Remembering

“Remember the prisoners as if chained with them – those who are mistreated – since you yourselves are in the body also.”  Hebrews 13:3

Lately I’ve read books and articles about the persecuted church.  I’m always shocked when I read these things, because Christianity in America is so easy.  It’s difficult to conceive of our brothers and sisters being treated so cruelly in other places in the world.  The concept is foreign to our existence.  For now anyway.

Everytime I read of someone persecuted for faith in Christ, it grips my heart, because I know that I have not remembered the persecuted church faithfully in prayer as I should.  It’s not that I don’t care.  I just don’t remember.

But what if I was imprisoned with them?  What if I was tortured with them?  Then this issue of the persecuted church would be in the very forefront of my mind at all times, because of my involvement in it.

The reality is, that because I am part of the body of Christ, I am involved in the persecuted church.  They are my brothers and sisters, beloved ones of God.  So I am asking God to help me remember them, as if chained with them, that I may offer prayers to God on their behalf.

Progress and joy

As Paul shares with the Philippian church the reason he feels that it is necessary for him to continue living, he gives two reasons: for your progress and joy of faith. (Phil 1:25)

One of the things that is heartbreaking to see is the number of believers who seem to have a shallow faith. They remind me of the hearer who received the seed sown on stony places who has no root and stumbles when tribulation or persecution arises (Matthew 13:20-21).

In prosperous countries such as America, there seems to be little willingness to endure hardship for Christ. But as the apostle Paul talks about their advancing and progressing in the faith, he goes on to talk about suffering. What a tremendous thing he says about suffering in verse 29 – that it has been granted to us for Christ’s sake. To get the full impact of the verse, you must know that the word granted means to show ones’ self gracious, kind and benevolent. Hear this – it is a gift of grace directly from the hand of God to suffer for Christ. These are hard words, not likely to be embraced by those with a shallow faith. But Paul wants to help the Philippians as they begin to experience persecution for the name of Jesus, and assure them that they need not be ashamed of the suffering they are undergoing.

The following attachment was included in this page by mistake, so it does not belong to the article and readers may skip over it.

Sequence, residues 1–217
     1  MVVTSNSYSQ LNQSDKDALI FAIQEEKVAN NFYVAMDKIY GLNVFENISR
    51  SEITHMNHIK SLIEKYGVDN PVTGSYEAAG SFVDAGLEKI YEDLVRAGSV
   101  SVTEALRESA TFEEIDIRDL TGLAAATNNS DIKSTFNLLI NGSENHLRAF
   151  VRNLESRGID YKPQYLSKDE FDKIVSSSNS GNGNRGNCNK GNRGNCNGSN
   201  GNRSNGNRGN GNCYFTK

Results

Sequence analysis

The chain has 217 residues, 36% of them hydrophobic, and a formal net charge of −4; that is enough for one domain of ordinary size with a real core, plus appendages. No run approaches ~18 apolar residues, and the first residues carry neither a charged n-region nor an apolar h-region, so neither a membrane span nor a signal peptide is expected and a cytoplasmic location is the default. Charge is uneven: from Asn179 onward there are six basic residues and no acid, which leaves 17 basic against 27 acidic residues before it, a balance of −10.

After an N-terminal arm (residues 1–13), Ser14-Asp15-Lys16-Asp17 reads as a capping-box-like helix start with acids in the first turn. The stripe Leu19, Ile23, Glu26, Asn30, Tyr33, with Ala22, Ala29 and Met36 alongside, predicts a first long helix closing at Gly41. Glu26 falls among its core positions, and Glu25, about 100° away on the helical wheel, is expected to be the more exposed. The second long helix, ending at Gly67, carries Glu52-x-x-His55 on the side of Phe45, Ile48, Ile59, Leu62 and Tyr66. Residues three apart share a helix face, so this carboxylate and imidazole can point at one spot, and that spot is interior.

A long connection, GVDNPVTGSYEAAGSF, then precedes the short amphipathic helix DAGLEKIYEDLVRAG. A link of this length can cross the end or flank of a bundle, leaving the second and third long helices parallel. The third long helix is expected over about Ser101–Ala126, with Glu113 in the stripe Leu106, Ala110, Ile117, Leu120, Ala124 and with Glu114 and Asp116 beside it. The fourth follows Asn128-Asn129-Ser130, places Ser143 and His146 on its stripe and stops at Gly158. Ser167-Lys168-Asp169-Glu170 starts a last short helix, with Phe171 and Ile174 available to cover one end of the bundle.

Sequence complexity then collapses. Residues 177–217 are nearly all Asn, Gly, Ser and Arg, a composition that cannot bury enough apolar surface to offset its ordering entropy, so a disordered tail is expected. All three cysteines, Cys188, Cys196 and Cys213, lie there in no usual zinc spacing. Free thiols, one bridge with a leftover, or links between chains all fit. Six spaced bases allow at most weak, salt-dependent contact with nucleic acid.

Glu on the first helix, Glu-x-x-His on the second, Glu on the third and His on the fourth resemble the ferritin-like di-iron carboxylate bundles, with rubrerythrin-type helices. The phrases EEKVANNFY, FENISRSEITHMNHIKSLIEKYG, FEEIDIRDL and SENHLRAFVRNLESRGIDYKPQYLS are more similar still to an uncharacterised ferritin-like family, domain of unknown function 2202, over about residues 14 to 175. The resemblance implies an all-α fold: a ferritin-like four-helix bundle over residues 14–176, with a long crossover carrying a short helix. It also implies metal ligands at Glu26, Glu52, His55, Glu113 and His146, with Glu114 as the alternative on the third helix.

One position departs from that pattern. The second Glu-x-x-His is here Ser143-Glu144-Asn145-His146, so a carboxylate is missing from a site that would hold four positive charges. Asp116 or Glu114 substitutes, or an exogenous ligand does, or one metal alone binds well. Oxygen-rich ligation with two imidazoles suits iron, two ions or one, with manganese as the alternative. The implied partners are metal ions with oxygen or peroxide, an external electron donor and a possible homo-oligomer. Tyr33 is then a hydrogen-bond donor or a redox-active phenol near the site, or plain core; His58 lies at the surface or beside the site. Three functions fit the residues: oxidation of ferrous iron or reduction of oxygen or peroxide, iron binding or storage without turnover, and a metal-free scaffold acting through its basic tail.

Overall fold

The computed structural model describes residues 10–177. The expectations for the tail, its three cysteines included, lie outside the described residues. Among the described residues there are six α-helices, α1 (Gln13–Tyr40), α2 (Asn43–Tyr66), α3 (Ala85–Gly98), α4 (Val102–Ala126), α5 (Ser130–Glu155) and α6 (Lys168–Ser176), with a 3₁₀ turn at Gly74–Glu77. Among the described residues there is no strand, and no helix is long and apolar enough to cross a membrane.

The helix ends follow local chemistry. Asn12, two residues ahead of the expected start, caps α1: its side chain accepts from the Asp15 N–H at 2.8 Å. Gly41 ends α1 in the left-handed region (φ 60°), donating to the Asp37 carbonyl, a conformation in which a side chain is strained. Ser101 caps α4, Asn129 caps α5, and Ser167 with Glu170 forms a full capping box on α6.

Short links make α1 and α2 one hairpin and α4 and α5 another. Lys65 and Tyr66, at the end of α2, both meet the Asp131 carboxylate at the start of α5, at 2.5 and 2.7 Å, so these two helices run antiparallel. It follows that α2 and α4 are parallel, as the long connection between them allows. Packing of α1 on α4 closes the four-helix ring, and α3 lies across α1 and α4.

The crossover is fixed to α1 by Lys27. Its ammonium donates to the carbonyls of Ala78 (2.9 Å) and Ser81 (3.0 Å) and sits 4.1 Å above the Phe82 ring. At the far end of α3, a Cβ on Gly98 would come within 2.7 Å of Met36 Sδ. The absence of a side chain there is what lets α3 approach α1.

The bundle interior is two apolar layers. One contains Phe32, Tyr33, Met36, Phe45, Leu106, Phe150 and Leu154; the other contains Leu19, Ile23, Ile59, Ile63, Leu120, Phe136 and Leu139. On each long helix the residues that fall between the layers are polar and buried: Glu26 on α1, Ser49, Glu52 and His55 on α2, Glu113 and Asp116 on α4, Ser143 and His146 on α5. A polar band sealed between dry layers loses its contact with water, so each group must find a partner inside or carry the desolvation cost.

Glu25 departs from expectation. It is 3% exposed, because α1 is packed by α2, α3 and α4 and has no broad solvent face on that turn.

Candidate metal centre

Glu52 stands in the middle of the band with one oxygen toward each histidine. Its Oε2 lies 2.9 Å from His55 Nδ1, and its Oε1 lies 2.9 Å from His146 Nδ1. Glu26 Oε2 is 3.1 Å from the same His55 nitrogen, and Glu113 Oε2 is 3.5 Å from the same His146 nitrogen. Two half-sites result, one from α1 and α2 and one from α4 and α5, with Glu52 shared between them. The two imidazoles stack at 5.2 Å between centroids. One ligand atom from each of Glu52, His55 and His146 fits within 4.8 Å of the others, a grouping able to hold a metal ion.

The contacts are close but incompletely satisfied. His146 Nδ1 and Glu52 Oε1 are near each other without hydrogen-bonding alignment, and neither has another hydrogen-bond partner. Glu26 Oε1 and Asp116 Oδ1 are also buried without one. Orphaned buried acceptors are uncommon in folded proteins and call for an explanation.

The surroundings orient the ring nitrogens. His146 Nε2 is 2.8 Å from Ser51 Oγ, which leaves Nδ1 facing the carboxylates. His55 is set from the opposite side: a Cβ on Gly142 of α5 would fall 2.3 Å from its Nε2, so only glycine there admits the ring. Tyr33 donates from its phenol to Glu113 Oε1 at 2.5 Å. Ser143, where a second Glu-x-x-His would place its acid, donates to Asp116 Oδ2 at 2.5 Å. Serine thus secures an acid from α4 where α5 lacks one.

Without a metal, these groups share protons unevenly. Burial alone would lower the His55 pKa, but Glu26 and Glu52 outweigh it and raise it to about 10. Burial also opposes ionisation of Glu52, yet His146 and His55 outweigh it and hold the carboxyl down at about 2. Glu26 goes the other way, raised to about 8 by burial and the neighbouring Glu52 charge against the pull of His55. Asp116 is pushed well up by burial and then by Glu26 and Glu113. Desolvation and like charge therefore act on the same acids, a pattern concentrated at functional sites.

Another critical component of faith that Paul wanted to help the Philippians with was joy. What a strange combination – suffering and joy. But the apostle Paul’s experience was that these two seemingly contradictory things are perfectly suited to dwell together. Remember when he was in the Philippian jail after having been beaten? His heart was so full of joy that he was singing!! Those who live in nations where it is dangerous to be a Christian and where the church is underground can probably attest to this fact. There is a special grace during persecution and suffering, and Paul wants the Philippians to experience this as well.

In America we have been spared the persecution that Christians in many other parts of the world endure on a daily basis. For now. But if the day should come when it will really cost us something to stand for Christ, are our hearts prepared? Let us meditate on these words of the Saviour:

“Blessed are you when people insult you and persecute you, and falsely say all kinds of evil against you because of Me. Rejoice and be glad, for your reward in heaven is great; for in the same way they persecuted the prophets who were before you. Matthew 5:11-12

May the Lord so strengthen our hearts that we are prepared to joyfully endure all things for the glory of Christ.